The usual criticism directed to Finnish residential architecture – that it is boring, monotonous and apartments are too expensive – is by no means something new. The first time (but not the last time) it was brought forward in the architecture press is 1906 by architect Bruno Granholm in Arkkitehti-lehti. Bruno Granholm is more known for being the architect for the national railway administration and designing numerous stations and railway buildings around the country. But here he suggested a new building system inspired by English town houses.
These are stacked according to a split-level system that minimizes traffic space and creates two-level apartments with a high main “hall”. On the upper level there is a low gallery space opening dramatically to the main room. An unknowing predecessor of the Immeubles-villas project by Le Corbusier from 1922? Or the many maisonette fantasies presented from the 1920’s onward? In ideas at least. This type of housing would according to Granholm be cheap but comfortable and would solve the problem of high rents in the city of Helsinki. He mentions “hyreskasärner” which would suggest working class housing but the size of the apartments and their layout suggests a more bourgeois type of resident.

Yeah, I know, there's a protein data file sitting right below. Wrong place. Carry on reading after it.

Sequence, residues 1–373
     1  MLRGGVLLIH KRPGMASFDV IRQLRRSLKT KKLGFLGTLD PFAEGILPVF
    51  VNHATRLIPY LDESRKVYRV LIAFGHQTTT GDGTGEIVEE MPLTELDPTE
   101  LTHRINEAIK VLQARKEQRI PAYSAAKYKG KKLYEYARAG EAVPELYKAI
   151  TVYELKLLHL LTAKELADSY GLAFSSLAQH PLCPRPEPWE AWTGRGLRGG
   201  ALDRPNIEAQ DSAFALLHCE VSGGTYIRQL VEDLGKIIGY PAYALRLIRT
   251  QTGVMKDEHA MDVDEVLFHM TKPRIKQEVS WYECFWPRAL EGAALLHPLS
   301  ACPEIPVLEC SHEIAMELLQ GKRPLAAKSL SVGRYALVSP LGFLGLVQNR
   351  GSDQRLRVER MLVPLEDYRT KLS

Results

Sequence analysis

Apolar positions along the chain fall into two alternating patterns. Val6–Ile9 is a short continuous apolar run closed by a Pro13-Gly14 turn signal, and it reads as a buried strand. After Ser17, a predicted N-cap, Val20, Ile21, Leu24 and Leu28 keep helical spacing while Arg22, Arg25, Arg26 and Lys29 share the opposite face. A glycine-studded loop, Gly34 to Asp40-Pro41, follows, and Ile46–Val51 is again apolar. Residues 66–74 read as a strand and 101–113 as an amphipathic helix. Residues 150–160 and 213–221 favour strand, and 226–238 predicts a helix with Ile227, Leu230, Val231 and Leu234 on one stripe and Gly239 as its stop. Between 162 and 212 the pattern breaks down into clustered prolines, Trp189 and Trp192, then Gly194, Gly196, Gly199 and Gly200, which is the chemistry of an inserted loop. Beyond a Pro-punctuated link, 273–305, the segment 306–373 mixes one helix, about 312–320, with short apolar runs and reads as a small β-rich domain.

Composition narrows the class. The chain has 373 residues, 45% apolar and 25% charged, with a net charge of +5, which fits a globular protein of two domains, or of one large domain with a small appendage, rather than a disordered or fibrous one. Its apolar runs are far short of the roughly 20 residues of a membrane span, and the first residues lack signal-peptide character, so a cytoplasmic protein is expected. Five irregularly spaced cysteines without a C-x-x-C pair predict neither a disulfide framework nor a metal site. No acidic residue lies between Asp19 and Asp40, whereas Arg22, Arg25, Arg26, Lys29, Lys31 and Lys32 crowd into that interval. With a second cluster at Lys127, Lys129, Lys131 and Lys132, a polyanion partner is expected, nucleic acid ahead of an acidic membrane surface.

In the same issue pseudonym W.W. comments on this adventurous suggestion, mostly approvingly but he also has some concerns regarding the feasibility of the proposal: the buildings would exceed the allowed building height in the city, the galleries are too low and in some apartments the lesser rooms – bedrooms and kitchens – would unavoidably and inappropriately face the main street side. The most awkward problem, the lack of completely separate traffic spaces for servants, he kindly thinks can be solved with detail planning: “Att hallen eller salen blir för tjänstefolket ett genomgångsrum till öfra våningen kann ju bortarbetas”
We haven’t heard anything of the project since, maybe it was presented 20 years too early. Or 98 years too early. To my knowledge there are no existing buildings utilizing typologies like this in Finland. Let me know if I’m wrong!